Although these tax returns are due on April 15th, the tax payment associated with that return is not due until after the notices are mailed. Notices are usually mailed sometime in September, and you have one month from the date that the assessment is mailed to pay the tax. This is very different from the US tax system, where any and all tax payments are due by April 15th.

If you made less than 22,000 SGD, you are not required to file a Singapore tax return. In addition, many employers in Singapore will submit salary information directly to the Inland Revenue Authority of Singapore (IRAS). In the absence of any other income, this eliminates your filing requirement to the IRAS.

Social Security Impact on Your US Expat Taxes

In Singapore, the equivalent of Social Security is called the Central Provident Fund (CPF). As an expatriate, you are not required to make payments into the Singapore CPF unless you are approved for permanent residency status by the Immigration and Checkpoint Authority of Singapore. If you decide to become a permanent resident of Singapore, you and your employer will both make contributions into the CPF. The total contribution on your behalf into CPF will total 37% of your annual salary, with 17% coming from your employer and the remainder coming from you.

If you are a US citizen and self-employed in Singapore, you are still required to pay US Social Security and Medicare taxes on your earnings, even when contributions to CPF are required. This is because the US and Singapore do not currently have an agreement eliminating the double taxation of social security income. You will pay both the employee and employer portion via Schedule SE on your US tax return. However, if you are an employee of a non-US employer and required to pay taxes into the foreign country’s social security equivalent, you may not be required to pay US Social Security tax.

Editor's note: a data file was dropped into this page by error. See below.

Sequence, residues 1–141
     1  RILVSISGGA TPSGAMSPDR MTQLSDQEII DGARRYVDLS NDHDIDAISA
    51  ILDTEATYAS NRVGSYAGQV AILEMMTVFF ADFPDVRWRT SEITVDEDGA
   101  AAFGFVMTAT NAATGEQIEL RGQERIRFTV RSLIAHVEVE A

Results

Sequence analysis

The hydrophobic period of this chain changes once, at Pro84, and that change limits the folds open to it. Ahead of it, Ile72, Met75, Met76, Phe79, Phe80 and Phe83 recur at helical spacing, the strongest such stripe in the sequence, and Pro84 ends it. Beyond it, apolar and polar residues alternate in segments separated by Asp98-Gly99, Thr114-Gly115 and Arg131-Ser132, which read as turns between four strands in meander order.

US-Singapore Tax Treaty

Currently, there is no double tax agreement between the United States and Singapore. As such, income subject to tax in both jurisdictions may be double taxed (e.g. salary earned in Singapore by a US Citizen). Despite the lack of treaty, mechanisms such as the foreign earned income exclusion, foreign housing exclusion and foreign tax credits can be implemented to reduce and/or eliminate this double taxation.

US Expat Taxes for the Self-Employed in Singapore

Similar to US requirements, self-employed individuals operating businesses in Singapore must pay taxes on their net profits to Singapore. Foreign individuals planning to start a business in Singapore must obtain an EntrePass prior to beginning business. As a US citizen, the IRS requires that you continue to report and pay US tax on your self-employment earnings on your US tax return. It does not matter where the income is earned – you will still qualify to receive the exclusions and credits mentioned above. Check out our tax guide for expat business owners and entrepreneurs to learn more about specific tax information for self-employed expats.

Need More Information About Working Overseas Tax in Singapore?

Our team of expat-expert CPAs and IRS Enrolled Agents are here to help you understand your working overseas tax obligations while living abroad and make filing US expat taxes a more hassle-free process. Contact us today!